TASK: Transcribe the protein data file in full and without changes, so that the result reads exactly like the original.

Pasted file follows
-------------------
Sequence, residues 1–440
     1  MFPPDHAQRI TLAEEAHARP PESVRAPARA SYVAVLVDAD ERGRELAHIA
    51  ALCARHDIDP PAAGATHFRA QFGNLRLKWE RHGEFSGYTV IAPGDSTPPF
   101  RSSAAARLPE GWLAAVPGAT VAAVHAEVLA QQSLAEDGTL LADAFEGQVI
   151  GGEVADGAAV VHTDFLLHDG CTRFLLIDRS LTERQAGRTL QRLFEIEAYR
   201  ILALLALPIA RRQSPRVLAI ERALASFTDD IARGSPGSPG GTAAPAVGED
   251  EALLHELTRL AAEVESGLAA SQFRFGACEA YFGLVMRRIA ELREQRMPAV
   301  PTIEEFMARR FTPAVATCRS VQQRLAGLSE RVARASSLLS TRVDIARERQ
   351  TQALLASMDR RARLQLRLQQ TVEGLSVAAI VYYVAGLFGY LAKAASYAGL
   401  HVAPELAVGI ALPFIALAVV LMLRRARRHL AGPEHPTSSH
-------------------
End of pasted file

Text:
Sequence, residues 1–440
     1  MFPPDHAQRI TLAEEAHARP PESVRAPARA SYVAVLVDAD ERGRELAHIA
    51  ALCARHDIDP PAAGATHFRA QFGNLRLKWE RHGEFSGYTV IAPGDSTPPF
   101  RSSAAARLPE GWLAAVPGAT VAAVHAEVLA QQSLAEDGTL LADAFEGQVI
   151  GGEVADGAAV VHTDFLLHDG CTRFLLIDRS LTERQAGRTL QRLFEIEAYR
   201  ILALLALPIA RRQSPRVLAI ERALASFTDD IARGSPGSPG GTAAPAVGED
   251  EALLHELTRL AAEVESGLAA SQFRFGACEA YFGLVMRRIA ELREQRMPAV
   301  PTIEEFMARR FTPAVATCRS VQQRLAGLSE RVARASSLLS TRVDIARERQ
   351  TQALLASMDR RARLQLRLQQ TVEGLSVAAI VYYVAGLFGY LAKAASYAGL
   401  HVAPELAVGI ALPFIALAVV LMLRRARRHL AGPEHPTSSH